The Terrible Texts: The Attitude of the Bible Toward Women - Part II

Column by Bishop John Shelby Spong on 31 December 2003 0 Comments
Please login with your account to read this essay.


Recently on the Australian Radio I heard you link terrorism with poverty, injustice and inequality in the world. Why is it that these obvious connections seem to have escaped the attention of Western leaders?


Sometimes our tribal minds keep us from clear thinking. When a nation is attacked by terrorists, the natural tendency is to strike back, to make terrorism so expensive that no one will ever try it again. The only problem with that is that it doesn't work. Why should a terrorist fear the military strikes that bring death if they volunteer to die in the terrorist act itself?

The question our leaders must ask is what brings people to the despair of suicide? What has made their lives so hopeless and their future so bleak that they choose death and the opportunity to inflict pain on those they blame for their plight rather than a chance to live in a new world?

Terror is the last violent gasp of hopelessness. The terrorist views heroic death as a better option than meaningless life. Look at the life of a typical Palestinian or at the economic disparity between the rich and the poor in every Islamic country. Remember the violence of America's urban riots in the 60s. That was not solved with appeals to law and order. Terrorism will never be solved with military strikes. The cause of violence must be addressed. Hope, education, training, jobs and a real hope will make them want to build the future rather than destroy it.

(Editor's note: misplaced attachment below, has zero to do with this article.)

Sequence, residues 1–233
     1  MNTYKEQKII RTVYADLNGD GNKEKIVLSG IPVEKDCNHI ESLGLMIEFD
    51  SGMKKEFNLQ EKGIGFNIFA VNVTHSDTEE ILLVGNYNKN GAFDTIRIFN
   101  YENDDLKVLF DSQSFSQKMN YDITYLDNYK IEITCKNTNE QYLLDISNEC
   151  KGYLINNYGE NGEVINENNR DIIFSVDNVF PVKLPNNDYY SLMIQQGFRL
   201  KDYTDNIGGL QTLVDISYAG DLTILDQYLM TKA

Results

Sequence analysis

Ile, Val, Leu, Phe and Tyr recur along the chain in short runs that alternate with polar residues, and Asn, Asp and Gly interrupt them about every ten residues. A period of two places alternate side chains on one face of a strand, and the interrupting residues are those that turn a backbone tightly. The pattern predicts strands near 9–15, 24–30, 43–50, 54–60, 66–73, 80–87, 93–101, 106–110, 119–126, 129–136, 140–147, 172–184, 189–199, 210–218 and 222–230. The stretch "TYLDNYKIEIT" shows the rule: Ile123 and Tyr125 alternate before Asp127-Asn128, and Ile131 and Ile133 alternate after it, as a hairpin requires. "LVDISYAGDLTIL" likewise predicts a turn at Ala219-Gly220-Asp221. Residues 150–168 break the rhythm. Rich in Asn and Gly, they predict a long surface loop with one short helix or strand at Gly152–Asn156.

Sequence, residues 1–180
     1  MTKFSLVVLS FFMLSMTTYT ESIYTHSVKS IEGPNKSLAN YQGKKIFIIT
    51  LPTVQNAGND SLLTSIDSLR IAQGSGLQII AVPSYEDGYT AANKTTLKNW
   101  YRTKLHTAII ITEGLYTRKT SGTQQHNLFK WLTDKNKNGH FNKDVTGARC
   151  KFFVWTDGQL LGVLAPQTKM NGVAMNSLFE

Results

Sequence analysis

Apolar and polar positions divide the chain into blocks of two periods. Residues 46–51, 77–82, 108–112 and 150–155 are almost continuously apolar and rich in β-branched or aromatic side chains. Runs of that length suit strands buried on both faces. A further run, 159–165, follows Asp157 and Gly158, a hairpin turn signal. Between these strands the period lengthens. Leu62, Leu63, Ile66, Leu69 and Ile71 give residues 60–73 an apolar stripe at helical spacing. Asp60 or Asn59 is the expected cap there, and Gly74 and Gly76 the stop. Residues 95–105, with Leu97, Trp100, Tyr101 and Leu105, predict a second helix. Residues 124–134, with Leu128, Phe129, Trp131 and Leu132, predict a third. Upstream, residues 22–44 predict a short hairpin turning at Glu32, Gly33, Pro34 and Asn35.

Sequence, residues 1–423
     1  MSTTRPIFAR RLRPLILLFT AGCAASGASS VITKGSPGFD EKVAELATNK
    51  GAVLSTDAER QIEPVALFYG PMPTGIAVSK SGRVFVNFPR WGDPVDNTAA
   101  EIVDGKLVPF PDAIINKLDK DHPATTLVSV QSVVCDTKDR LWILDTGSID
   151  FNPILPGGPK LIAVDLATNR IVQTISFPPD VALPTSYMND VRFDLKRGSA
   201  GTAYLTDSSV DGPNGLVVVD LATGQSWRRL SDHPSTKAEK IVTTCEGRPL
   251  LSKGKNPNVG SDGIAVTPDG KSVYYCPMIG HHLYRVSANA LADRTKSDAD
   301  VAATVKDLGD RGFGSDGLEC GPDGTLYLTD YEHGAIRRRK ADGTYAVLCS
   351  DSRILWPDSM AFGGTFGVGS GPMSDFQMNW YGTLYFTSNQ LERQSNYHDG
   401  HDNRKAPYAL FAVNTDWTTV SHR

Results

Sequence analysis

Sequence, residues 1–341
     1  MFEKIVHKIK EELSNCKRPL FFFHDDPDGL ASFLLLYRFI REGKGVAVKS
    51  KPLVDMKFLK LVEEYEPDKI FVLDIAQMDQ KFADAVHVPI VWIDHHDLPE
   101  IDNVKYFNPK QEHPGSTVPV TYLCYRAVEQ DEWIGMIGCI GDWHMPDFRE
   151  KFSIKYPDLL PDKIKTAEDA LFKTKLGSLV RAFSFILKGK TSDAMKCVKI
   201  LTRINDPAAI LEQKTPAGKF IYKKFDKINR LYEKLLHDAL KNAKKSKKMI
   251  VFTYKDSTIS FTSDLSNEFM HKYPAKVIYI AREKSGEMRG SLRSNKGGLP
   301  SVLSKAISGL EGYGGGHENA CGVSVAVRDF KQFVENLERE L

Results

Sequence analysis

Do not mistake what I am saying. A nation must defend itself from aggression from any source. But when the aggression comes from suicidal individuals organized in terrorist cells, someone needs to ask what created this despair and move to address the causes not the symptoms. When hatred is driven underground, it does not disappear. If we have learned anything in this dreadful war in Iraq, it should be that winning this war was easy. Mr. Bush pronounced it concluded early in May. Yet no one will think that this military adventure has been successful until genuine peace has been achieved and the people who are terrorists today wake up tomorrow to dream of a better world with themselves as part of it.

The cost of bringing hope to hopeless people by addressing their pressing needs is considerably less expensive than the cost of building a nation we have destroyed militarily. When will we ever learn this basic human lesson?

-- John Shelby Spong




Leave a Reply